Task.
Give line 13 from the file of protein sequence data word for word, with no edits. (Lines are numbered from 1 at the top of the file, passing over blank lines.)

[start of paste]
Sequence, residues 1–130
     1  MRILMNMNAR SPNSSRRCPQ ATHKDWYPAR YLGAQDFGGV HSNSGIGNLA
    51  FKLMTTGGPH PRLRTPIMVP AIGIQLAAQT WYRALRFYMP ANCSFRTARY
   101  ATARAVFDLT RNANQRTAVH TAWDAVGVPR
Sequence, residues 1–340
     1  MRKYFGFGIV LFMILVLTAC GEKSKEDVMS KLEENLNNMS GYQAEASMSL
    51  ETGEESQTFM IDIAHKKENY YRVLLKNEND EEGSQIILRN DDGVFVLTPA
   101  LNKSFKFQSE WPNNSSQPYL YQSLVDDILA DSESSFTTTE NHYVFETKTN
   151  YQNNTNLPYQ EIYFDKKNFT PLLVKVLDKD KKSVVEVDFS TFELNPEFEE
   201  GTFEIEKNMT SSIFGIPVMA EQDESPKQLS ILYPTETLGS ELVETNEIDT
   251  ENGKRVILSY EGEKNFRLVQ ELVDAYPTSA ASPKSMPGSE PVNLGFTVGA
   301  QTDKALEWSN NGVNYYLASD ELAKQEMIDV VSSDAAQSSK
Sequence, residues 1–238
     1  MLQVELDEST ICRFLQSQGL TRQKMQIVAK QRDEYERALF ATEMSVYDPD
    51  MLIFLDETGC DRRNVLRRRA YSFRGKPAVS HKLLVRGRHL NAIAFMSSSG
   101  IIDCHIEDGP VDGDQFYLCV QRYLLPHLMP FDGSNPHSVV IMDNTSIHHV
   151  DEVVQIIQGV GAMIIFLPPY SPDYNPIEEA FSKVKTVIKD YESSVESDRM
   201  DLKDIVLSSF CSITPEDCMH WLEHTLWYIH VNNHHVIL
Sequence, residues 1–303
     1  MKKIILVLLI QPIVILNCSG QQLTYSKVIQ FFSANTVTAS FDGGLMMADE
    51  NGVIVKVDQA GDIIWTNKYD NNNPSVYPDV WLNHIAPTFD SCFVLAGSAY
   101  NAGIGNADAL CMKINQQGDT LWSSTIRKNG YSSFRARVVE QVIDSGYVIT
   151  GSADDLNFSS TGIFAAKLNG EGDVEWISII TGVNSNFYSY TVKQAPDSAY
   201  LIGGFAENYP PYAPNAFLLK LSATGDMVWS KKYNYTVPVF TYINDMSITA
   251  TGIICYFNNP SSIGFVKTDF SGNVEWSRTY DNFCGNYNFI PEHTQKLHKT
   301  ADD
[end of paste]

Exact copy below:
Sequence, residues 1–238